Conversely, in the late 1950's, when Broadway was revelling in the splendour of the classic Bernstein and Sondheim WEST SIDE STORY, the Bridewell Institute buildings and swimming bath were suffering the sadness and decrepitude of old age. Now, thankfully, a theatre has been nurtured there under the direction of Carol Metcalfe, a woman of unlimited ambition for the grandest thespian ideas.
Although, in it's short new life, the Bridewell has mounted acclaimed productions of THE WINTER'S TALE, MACBETH, and TWELFTH NIGHT - it's as a production house for musicals that makes it a must for London theatregoers. CLOSER THAN EVER, DAMN YANKEES, ROMANCE ROMANCE, and PROMISES, PROMISES have all been played there recently, and the theatre now shows another Sondheim musical, SATURDAY NIGHT as it's world premiere.
Stephen Sondheim was in his twenties when he wrote the music and lyrics for SATURDAY NIGHT with the bookwriters, Julius J. and Philip G. Epstein. But for the untimely demise of the producer during rehearsals, and his subsequent involvement with Leonard Bernstein writing the lyrics for WEST SIDE STORY, this play would have been Sondheim's professional debut.
Everything has changed since the 1950s, and it is doubtful whether the writers would have created the same the play today, when the world is a more cynical place, and less concerned with the trivia of financial wrongdoings.
The play is set in Brooklyn, New York in 1929 when the bull markets encouraged a group of young stock traders to pool their resources so that with the proceeds from a coup on Monday would put them in good shape to get amongst the girls on Saturday.
Hearing, as we do, of their lack of success with the ladies, it doesn't come as much of a surprise that they aren't much good at choosing one of their number to look after the communal loot.
Gene (Sam Newman) a wimpish, over-indulged socialite and stock trader, having become infatuated by Helen (Anna Francolini), and motivated by his hormonal explosions, dreams of short-cuts on his way to glory. To impress her, he finances the aquisition of a penthouse apartment near Brooklyn Bridge with the money entrusted to him by his friends.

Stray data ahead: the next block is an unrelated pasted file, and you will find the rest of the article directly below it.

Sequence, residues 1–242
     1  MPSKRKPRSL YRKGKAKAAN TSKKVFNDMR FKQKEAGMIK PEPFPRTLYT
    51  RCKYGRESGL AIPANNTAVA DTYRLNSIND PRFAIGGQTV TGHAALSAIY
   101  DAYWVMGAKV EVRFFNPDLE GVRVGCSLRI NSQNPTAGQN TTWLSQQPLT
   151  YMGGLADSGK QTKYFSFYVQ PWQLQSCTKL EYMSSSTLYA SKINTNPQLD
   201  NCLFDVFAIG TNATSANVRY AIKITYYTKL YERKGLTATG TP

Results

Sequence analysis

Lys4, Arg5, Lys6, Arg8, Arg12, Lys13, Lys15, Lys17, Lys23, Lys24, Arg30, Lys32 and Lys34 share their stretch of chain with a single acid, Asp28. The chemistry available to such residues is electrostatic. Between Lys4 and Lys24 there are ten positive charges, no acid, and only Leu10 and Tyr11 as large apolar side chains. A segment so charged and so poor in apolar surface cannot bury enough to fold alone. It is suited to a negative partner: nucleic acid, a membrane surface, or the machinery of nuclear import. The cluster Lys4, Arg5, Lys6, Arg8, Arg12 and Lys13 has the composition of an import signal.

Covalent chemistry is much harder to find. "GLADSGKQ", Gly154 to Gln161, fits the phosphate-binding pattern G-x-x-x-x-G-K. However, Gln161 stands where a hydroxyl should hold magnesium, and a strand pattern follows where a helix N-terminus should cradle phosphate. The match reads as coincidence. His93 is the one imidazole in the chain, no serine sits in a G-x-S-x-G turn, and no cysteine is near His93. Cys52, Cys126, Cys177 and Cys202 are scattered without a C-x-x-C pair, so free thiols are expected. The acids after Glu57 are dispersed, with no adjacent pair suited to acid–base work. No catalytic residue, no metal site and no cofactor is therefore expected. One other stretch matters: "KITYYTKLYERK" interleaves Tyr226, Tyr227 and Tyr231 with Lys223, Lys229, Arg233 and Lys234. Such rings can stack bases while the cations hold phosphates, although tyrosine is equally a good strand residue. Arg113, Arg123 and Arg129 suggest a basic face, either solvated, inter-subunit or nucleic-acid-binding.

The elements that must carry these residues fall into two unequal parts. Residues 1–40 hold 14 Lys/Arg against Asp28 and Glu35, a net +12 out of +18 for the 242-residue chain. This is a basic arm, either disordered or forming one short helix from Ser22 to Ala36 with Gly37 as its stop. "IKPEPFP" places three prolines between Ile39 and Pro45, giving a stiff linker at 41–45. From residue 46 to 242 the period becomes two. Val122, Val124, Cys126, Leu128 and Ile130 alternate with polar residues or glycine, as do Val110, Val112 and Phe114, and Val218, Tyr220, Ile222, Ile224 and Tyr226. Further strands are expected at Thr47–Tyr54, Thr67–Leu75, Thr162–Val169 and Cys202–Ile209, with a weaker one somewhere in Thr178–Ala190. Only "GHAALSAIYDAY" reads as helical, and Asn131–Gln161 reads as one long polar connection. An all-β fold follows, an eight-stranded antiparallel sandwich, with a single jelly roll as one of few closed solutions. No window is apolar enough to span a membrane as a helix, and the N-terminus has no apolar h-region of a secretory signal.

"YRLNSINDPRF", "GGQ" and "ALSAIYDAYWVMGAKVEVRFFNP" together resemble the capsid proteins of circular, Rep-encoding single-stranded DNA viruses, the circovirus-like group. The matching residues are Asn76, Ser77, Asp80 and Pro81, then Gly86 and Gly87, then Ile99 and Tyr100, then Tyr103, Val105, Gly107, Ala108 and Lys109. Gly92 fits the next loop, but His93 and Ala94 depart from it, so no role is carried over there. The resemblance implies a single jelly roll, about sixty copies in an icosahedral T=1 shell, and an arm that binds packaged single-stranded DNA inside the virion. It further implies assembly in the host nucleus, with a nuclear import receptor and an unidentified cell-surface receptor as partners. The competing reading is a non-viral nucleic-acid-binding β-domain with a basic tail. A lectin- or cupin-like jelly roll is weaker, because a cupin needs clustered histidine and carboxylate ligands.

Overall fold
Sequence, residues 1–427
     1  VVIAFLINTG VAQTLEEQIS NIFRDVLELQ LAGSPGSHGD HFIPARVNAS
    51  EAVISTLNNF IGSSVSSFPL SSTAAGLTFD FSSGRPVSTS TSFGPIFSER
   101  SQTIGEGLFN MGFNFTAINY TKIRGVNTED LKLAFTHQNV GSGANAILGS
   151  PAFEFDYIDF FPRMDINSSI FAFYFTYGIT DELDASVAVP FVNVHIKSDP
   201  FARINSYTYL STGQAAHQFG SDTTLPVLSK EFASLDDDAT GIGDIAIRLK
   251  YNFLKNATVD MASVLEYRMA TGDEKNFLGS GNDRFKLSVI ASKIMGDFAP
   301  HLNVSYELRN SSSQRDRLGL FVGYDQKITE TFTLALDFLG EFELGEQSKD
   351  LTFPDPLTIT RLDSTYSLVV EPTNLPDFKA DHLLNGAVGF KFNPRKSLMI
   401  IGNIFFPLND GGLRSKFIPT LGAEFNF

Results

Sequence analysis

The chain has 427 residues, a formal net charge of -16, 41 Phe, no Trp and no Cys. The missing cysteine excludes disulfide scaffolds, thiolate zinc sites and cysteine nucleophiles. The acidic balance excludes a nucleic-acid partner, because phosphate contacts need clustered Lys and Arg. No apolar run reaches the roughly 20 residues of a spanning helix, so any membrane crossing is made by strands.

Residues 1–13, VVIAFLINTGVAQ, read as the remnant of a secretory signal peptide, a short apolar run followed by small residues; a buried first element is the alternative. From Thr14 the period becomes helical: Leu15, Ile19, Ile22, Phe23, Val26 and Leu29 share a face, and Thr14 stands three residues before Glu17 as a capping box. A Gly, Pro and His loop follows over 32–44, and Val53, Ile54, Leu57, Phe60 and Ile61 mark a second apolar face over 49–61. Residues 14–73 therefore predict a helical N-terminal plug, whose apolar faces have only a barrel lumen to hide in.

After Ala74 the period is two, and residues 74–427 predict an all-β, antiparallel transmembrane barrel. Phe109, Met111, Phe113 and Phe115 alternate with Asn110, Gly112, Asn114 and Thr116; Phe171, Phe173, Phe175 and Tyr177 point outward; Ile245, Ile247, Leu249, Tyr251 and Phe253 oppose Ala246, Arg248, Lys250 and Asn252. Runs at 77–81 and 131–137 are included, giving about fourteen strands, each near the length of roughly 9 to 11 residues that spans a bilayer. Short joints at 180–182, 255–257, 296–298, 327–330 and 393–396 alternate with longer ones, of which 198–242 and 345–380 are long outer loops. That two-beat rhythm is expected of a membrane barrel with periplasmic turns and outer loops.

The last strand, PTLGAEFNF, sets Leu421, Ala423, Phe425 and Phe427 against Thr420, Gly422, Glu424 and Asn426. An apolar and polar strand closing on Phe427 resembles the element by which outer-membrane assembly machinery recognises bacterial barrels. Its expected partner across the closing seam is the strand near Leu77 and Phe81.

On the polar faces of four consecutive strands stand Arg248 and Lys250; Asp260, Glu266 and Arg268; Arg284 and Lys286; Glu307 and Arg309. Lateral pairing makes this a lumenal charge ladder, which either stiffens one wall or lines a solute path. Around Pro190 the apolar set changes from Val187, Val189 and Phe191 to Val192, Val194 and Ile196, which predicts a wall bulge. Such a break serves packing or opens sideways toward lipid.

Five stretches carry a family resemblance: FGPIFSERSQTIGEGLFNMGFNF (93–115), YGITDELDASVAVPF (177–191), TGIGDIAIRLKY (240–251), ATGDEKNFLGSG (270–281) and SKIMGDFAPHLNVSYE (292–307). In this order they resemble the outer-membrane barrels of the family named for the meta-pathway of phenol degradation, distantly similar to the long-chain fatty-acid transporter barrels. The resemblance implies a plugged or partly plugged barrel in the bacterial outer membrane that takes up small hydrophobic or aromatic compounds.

The story tumbles along trying to bring the 1920s alive - but hocking the favourite car and avoiding the bailiffs is not the stuff to make the hands clammy in 1997.
Plotwise, there is the satisfaction that fifteen minutes from the final curtain I was unsure how the loose ends would be tied up so that Gene suffers an appropriate retribution and still manages to keep Helen as the focal point of his life.
You wouldn't expect Sondheim to be involved in a play which couldn't do that, would you.
Bridewell productions are of necessity, low budget, and this one is no exception, but the space is used effectively and in particular, the second act starts with a magic set encompassing a night club which could do business in it's own right.
I would have preferred more ruggedness and brashfulness in the male roles. Even in the 1920s the Wall Street bearpit made men of boys, before their time. A quick look in the nearby Stock Exchange might help.
Refreshingly, there are some tunes from the master, which I could hum and remember. I liked that.
And I liked the warmth and intimacy of this excellent theatre. It gets better with every visit.
Ask for Ludgate Circus. Turn your back on St Paul's and you'll be there.